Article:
In 1946 and 1947, the team was joined by some of the main contributors to Spirou for the next decades, including Victor Hubinon, Jean-Michel Charlier and Eddy Paape. After a few years, these artists started their now classic series like Buck Danny by Hubinon and Charlier and Lucky Luke by Morris, while Franquin took over Spirou from Jijé. Gradually, the American comics and reprints were replaced by new, European productions, and by the 50s, nearly all the content was made especially for the magazine. Charles Dupuis remained editor-in-chief of the magazine until 1955 when he appointed Yvan Delporte to that position, so he could himself focus on his increasing interest in the publication of the magazine's series' albums.
The golden ages culminated in the 1950s with the introduction of more authors and series like Peyo (Johan and Peewit in 1952, The Smurfs in 1958), René Follet,
Marcel Remacle, Jean Roba (with Boule et Bill), Maurice Tillieux (with Gil Jourdan) and Mitacq. In 1954, Jijé created the realistic western comic Jerry Spring, and in 1957 Franquin introduced the anti-hero Gaston Lagaffe. The authors of the magazine, many of them pupils of Jijé, were grouped stylistically in the Marcinelle school, the counterpart of ligne claire exhibited by the artists grouped around Hergé in Tintin magazine (the main competitor for Spirou).
By 1960, the magazine had achieved a fixed structure and had grown to 52 pages, mainly filled with new, European (mainly Belgian) comics, coupled with some text pages (interaction with the readers) and adverts. Most of the comics were long-running series which were regularly published as albums of 44 or 64 pages, generating a constant source of revenue for the artists and the publisher. In the next decades, the sales of albums would become the main focus, reducing the importance of the magazine which became more of a breeding ground for new talent and series.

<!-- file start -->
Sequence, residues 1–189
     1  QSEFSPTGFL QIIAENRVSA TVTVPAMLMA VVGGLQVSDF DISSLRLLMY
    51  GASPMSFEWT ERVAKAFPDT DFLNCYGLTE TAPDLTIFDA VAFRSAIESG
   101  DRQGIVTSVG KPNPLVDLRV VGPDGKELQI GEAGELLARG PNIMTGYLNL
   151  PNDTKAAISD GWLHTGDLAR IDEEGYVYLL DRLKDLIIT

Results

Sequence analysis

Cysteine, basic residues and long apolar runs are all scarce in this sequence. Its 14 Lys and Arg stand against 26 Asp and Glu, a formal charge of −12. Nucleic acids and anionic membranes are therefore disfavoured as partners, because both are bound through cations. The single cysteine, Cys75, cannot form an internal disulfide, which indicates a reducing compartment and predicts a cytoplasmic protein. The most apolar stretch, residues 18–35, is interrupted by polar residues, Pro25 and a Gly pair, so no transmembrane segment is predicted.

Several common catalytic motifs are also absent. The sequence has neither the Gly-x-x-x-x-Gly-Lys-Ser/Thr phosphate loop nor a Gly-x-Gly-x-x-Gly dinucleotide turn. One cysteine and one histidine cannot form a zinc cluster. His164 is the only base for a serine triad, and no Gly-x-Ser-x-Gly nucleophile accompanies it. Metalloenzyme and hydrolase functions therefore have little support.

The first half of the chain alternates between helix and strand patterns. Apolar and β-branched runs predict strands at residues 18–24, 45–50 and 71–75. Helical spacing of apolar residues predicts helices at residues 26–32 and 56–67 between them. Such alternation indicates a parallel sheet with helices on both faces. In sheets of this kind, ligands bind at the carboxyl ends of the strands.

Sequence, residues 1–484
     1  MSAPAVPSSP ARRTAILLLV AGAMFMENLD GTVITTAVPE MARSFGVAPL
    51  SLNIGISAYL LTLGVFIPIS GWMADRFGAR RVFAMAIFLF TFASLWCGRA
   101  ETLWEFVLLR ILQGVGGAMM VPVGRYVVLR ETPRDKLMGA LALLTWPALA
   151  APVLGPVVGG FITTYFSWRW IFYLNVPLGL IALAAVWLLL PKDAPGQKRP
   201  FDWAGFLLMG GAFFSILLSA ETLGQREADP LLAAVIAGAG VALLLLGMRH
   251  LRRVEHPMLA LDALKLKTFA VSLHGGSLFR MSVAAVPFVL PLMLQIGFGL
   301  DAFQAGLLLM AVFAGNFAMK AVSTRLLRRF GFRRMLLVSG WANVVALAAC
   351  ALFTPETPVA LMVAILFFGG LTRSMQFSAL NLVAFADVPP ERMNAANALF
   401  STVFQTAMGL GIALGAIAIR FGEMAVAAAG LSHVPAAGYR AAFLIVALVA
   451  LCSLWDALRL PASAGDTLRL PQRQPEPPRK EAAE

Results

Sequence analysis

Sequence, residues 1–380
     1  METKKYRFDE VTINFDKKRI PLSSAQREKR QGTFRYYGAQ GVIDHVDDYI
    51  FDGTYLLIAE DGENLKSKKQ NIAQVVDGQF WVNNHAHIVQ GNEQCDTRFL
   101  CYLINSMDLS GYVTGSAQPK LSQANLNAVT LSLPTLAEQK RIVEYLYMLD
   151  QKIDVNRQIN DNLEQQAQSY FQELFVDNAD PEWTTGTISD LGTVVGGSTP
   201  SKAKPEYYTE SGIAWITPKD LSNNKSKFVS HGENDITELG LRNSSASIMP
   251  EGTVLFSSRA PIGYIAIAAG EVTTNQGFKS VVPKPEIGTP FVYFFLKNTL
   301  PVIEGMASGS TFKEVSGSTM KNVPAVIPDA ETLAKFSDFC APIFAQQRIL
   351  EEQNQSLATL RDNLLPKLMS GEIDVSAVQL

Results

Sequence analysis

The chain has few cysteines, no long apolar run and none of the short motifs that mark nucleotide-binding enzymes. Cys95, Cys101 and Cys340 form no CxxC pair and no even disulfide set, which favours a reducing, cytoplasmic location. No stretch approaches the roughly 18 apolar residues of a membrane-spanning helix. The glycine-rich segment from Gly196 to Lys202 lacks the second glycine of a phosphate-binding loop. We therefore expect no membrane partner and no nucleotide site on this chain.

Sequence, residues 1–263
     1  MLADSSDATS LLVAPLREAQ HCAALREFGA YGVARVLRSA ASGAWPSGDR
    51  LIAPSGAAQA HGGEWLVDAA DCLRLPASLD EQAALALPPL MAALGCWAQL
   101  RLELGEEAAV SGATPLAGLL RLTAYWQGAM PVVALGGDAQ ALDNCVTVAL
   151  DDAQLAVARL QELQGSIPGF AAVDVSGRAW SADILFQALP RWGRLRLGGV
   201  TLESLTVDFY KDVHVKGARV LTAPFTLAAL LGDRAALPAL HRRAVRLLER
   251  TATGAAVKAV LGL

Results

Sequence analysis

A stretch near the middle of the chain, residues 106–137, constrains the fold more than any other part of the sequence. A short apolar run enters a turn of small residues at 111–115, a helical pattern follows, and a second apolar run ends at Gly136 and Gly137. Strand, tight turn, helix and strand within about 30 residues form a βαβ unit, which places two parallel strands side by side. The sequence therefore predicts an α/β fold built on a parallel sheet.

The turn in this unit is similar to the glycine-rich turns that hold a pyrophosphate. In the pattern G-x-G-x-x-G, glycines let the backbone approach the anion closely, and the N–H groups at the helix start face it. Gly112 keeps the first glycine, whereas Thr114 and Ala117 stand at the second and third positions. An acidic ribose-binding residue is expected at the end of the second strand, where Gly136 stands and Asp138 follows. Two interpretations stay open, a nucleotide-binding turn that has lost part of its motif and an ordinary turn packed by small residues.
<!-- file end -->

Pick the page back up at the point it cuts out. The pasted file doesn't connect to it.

Rejuvenation in the 1960s and 1970s
In the early 1960s, the main changes were the strong editorial work of Delporte, who kept the magazine vibrant despite the more or less fixed series, with numerous supplements, games, and experimental layouts. The magazine demonstrated the pleasure that had gone in creating it, and maintained a strong reader base despite the growing competition from more adolescent and adult French magazines like Pilote. Some of the main authors (Jijé, Franquin, Will, and Hubinon) temporarily started working for other magazines, with Morris the only major name who definitely left the magazine. Their replacements, like Berck, had trouble filling the void.